Court shows supreme arrogance in ban on spanking

A large number of Israelis are probably criminals now — even though they weren't a few weeks ago.

Last month, Israel's Supreme Court decided that spanking a child is a criminal offense. Not merely cruel or excessive punishment.

As of now, all corporal punishment is "completely unacceptable — a residue of a social-educational outlook that has become obsolete." Such punishment "distances us from our aspirations to be a society free of violence. Therefore, the use by parents of corporal punishment…is forbidden today in our society."

Does this seriously mean that a parent who gives his child a light slap on the rear is a criminal?

The court asked itself this question and responded as follows: "We live in a society where violence is spreading like a plague; a permit for 'minor' violence is likely to deteriorate into very serious violence. We must not endanger the physical and emotional integrity of the minor by any corporal punishment at all. The yardstick must be clear and unequivocal, and the message is that corporal punishment is not permitted."

Of course, not every parent who spanks his or her child will actually be prosecuted. The justices comfortingly explained that many instances of corporal punishment will never be reported to the police and even among those that are, the prosecution has the authority not to press charges in cases that are "trivial" or "lacking in public interest." But such parents will still be criminals — and they'll never know when the ax might descend.

What makes this verdict breathtaking is not only the fact that at one fell swoop it turned half the parents in Israel into criminals.

Equally audacious is the fact that it did so without the slightest sanction in law.

Some countries, such as the Scandinavian nations, have laws explicitly forbidding corporal punishment. In other places, such as Britain, Canada, and several states of the United States, the law explicitly permits corporal punishment by parents as long as it is moderate and reasonable.

Israeli law does neither. Existing legislation against assaulting and abusing children neither criminalizes nor exempts corporal punishment explicitly.

The logical presumption, therefore, would be that these laws are intended only to criminalize actions that meet the commonly accepted definitions of "assault" and "abuse." And given the fact that many parents do still occasionally spank their children, it seems hard to argue that spanking falls within the commonly accepted definitions of these crimes.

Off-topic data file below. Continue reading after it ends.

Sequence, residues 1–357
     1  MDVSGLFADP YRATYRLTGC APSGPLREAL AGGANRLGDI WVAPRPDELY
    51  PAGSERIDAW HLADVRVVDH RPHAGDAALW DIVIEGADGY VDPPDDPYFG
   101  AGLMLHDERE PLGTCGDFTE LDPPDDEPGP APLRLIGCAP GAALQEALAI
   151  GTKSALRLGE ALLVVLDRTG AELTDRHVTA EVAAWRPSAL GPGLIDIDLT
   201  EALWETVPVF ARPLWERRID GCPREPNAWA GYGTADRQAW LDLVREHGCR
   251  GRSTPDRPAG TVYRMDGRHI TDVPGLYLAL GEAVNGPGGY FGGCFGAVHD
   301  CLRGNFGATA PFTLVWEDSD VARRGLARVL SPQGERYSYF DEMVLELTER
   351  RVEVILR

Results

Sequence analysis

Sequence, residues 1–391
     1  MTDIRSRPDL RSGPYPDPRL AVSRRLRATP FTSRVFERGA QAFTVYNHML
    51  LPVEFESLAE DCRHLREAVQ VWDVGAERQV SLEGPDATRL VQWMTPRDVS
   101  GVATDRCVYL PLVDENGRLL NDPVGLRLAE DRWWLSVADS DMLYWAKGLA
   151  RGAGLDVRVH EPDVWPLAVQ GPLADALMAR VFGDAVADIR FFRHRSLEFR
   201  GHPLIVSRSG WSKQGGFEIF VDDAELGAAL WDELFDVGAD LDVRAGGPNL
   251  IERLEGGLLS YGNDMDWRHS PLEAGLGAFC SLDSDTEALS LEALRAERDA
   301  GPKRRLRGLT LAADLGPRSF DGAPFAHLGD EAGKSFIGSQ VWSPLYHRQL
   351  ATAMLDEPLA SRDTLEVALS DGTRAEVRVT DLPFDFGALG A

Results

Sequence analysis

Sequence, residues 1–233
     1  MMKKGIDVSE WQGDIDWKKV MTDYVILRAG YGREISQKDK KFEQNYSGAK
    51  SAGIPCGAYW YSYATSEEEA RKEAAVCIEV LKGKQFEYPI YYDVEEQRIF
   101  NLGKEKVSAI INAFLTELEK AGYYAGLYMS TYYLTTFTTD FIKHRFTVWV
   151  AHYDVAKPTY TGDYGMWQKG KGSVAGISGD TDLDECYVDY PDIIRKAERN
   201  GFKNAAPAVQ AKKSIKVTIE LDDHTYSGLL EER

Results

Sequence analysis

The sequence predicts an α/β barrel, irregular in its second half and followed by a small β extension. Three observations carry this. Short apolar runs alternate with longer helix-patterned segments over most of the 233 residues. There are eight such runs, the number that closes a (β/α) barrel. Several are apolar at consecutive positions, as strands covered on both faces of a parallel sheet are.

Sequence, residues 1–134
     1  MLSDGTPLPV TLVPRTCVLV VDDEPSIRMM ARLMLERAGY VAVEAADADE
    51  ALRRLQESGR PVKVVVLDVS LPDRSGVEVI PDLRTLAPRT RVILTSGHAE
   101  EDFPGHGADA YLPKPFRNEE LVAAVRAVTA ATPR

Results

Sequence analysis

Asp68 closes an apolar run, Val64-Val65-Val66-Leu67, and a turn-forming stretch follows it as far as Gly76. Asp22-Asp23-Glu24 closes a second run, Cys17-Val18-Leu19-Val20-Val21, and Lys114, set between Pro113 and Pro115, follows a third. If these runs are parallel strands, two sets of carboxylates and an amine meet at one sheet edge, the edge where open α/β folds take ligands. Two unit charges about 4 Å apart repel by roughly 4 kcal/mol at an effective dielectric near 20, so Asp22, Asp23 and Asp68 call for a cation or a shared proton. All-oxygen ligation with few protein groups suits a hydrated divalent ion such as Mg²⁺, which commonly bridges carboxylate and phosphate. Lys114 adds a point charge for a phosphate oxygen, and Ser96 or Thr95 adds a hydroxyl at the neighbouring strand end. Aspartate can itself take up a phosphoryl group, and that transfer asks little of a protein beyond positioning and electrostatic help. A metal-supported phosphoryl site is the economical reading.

But the fact that a majority of the country might disagree has never stopped the court from declaring itself the sole arbiter of society's values. With supreme arrogance, a panel of three people — Dorit Beinisch, who wrote the ruling, Aharon Barak and Itzhak Englard — decided that it knows better than the majority what is "forbidden today in our society;" that it knows better than the majority which "social-educational outlooks" are "obsolete."

They do not even have the justification of being our elected representatives. Yet they believe they are qualified to declare by fiat how our entire society should feel about this issue.

What makes the verdict even more presumptuous is that the sweeping ruling was completely unnecessary to resolve the case at hand: an appeal by a mother convicted of abusing her children.

This mother's disciplinary methods, in addition to frequent spankings, included throwing shoes at her children and hitting them with rubber clogs. The children's teachers testified that the youngsters exhibited both physical signs of abuse — bruises — and emotional signs — terror when adults approached them. The lower court therefore rejected the mother's argument that her actions were "educational," ruling succinctly that "violence" is not an educational method.

The Supreme Court could have left it at that. Whether or not reasonable corporal punishment is permissible, this woman had clearly exceeded the bounds of the reasonable and was guilty of "violence."

But instead, the court took the totally unnecessary step of declaring that all corporal punishment, no matter how mild, is illegal. Though Englard did write a dissent, it dealt only with his opinion that the woman should have been convicted of the lesser offense of assault rather than abuse. About the majority's sweeping ban on corporal punishment, he said not a word.

This is hardly the first time the court has ruthlessly rewritten Israel's legal system to suit its own "enlightened" values. But it is the first time such a verdict has had potential consequences for such a large number of ordinary, law-abiding Israelis.

Perhaps, at long last, the ruling will awaken the country to the dangers of letting the court usurp the legislature's role.

If not, perhaps Israelis deserve to be made into criminals.